Other parents with experience can provide a wealth of information - everything from advice on positions for breastfeeding two babies at once, to insights on the best baby equipment and reassurance that poor sleep patterns don't last forever.
When you are expecting multiples, your maternity care provider is the best person to provide advice and recommendations on the best resources to guide you through pregnancy, birthing and early parenting.
BC Women's Hospital + Health Centre website has breastfeeding information for parents of multiples.
Multiple Births Canada is a national support organization providing a variety of information for parents of multiples.
This article was written by Anne McLaughlin with information provided by BC Women's obstetrician, Dr. Dena Bloomenthal
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BC Women's has the expertise needed to help moms over 40 experience a safe and healthy pregnancy
Beth McInnis is heartbreakingly familiar with a moment no one wants to experience “There is that terrible moment in an ultrasound where the entire room knows the baby no longer has a heartbeat.”
Beth and her husband, Neville Lok, decided to start a family in their late 30s. They felt lucky when Beth conceived quickly but, at nine weeks, she miscarried. That crushing experience would be repeated again, and again, as the couple kept trying for a child.
At BC Women’s Recurrent Pregnancy Loss Clinic, under the care of Dr. Dena Bloomenthal, Beth learned the miscarriages were unavoidable, caused by abnormal chromosomes. “Everyone was so caring,” says Beth. “The nurses would come up and hug me.”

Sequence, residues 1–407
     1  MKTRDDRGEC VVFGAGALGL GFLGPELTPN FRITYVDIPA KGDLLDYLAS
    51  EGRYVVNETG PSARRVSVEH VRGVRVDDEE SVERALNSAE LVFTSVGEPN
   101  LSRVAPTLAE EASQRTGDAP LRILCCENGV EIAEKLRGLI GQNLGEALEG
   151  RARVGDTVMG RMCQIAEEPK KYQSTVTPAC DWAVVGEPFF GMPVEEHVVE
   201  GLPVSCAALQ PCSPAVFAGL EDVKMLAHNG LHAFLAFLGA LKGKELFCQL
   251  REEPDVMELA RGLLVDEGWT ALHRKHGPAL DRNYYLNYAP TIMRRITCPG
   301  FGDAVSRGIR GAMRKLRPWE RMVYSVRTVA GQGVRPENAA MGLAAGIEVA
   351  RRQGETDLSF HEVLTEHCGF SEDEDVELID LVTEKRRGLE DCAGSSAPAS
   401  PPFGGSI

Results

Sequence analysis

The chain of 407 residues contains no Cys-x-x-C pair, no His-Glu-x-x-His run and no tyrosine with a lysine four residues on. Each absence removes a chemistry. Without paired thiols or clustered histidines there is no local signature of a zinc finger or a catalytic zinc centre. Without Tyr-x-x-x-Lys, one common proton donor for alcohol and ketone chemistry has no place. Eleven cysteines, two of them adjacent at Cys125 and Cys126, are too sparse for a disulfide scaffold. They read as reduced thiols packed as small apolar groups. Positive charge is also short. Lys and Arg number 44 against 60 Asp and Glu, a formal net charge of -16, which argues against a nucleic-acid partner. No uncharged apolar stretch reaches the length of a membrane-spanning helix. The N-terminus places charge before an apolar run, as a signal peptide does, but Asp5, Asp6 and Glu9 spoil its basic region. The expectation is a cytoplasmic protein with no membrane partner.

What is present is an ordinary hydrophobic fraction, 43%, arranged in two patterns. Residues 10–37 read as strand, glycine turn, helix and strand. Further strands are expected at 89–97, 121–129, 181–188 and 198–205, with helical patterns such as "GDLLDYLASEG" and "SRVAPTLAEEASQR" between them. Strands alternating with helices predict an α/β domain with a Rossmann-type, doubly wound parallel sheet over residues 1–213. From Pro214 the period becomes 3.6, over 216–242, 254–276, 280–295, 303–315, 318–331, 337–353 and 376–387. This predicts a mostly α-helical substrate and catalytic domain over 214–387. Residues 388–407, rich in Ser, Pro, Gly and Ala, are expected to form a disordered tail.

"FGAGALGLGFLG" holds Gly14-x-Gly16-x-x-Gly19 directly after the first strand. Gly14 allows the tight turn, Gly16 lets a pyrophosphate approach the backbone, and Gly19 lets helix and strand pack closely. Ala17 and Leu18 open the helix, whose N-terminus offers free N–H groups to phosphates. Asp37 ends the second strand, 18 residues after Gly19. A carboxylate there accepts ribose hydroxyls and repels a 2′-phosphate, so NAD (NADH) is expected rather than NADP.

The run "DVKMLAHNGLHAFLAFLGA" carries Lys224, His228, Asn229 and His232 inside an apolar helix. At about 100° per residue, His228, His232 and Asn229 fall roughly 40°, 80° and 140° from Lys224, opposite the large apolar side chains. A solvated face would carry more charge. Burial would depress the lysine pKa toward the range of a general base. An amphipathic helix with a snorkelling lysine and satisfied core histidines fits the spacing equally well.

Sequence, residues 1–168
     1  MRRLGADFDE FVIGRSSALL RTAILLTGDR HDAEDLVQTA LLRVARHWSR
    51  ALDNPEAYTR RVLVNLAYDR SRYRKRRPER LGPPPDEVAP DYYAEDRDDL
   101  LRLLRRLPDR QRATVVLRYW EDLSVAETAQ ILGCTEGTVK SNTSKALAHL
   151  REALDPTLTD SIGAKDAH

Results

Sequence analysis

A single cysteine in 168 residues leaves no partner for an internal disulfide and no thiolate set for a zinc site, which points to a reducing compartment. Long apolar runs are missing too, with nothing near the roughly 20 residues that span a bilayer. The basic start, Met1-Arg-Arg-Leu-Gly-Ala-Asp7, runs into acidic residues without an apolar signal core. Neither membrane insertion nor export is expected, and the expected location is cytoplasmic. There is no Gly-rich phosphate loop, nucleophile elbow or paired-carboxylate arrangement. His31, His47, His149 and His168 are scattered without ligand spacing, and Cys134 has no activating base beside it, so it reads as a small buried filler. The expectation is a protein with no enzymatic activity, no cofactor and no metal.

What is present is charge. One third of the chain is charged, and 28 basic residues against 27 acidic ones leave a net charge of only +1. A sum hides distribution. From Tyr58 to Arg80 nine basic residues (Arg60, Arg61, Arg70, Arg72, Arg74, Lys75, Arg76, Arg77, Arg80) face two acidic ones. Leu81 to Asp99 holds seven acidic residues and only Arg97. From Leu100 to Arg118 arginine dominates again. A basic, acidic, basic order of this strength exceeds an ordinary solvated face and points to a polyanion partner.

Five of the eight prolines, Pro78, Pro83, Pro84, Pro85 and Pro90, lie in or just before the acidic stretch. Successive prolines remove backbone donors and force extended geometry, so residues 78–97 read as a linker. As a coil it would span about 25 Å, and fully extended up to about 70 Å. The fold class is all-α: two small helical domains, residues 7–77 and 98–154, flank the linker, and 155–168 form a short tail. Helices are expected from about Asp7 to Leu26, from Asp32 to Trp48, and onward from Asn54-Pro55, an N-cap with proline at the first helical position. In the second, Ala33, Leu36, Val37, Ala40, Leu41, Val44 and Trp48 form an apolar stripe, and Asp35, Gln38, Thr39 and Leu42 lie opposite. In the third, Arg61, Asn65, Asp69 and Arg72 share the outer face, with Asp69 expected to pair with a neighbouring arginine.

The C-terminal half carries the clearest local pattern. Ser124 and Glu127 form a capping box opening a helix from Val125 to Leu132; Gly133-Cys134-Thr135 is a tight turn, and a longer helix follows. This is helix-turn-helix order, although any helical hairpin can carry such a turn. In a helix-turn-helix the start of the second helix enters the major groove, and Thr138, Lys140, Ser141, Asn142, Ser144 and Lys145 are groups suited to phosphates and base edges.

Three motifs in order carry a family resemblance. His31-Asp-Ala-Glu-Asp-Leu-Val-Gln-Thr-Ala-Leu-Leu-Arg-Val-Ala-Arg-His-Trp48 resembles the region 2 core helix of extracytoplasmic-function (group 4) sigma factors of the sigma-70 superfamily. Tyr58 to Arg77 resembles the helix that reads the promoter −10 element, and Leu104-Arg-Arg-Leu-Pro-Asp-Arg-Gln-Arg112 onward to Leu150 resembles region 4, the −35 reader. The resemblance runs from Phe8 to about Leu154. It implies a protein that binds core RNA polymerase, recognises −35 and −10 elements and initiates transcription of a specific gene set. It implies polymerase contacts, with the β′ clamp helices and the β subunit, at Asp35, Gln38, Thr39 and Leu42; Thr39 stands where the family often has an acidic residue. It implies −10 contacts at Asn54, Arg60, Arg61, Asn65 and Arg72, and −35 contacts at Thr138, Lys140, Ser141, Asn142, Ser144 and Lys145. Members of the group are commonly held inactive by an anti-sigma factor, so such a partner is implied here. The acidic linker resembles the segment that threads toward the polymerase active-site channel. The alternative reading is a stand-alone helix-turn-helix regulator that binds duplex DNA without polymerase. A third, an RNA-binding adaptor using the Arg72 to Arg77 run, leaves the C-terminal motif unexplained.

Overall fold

Determined, Beth conceived again, through IVF, only to experience another devastating miscarriage.
“I was crying every night,” she says. “I knew I needed to talk to somebody.”
The clinic connected her with a grief counsellor, who helped her find coping strategies, and accept that her own genetics were no longer an option.
Then Beth, by this time aged 45, discovered a U.S.-based program that pairs families who have stored frozen embryos with families who want to “adopt” them.
“By their mid-40s, the chance of healthy, spontaneous pregnancies is significantly reduced,” says Bloomenthal. “Often, they use donor eggs or embryos.”
In Beth and Neville’s case, they were matched with a family in Washington State, and had the donated embryo implanted.
The pregnancy was officially confirmed at BC Women’s, where Beth was monitored regularly for diabetes, preeclampsia and other complications.
“The risks are heightened as you get older,” says Beth. “Dr. Bloomenthal and her colleagues at BC Women’s really kept an eye on my health and how our baby was doing.”
At 11 weeks, Beth experienced bleeding and was diagnosed with a subchorionic hematoma. Dr. Bloomenthal prescribed bedrest to reduce the risk of pregnancy loss, and the danger passed. Then, in May 2014, the couple welcomed their son, Tristan.
“The team is phenomenal,” says Beth. “They provided support, care, and a community where we no longer felt alone and lost in our struggles.”
Recently, Beth and Neville welcomed their daughter, and second embryo adopted child, who was also born at BC Women’s.
Written by Melissa Edwards
Photography by Claudette Carracedo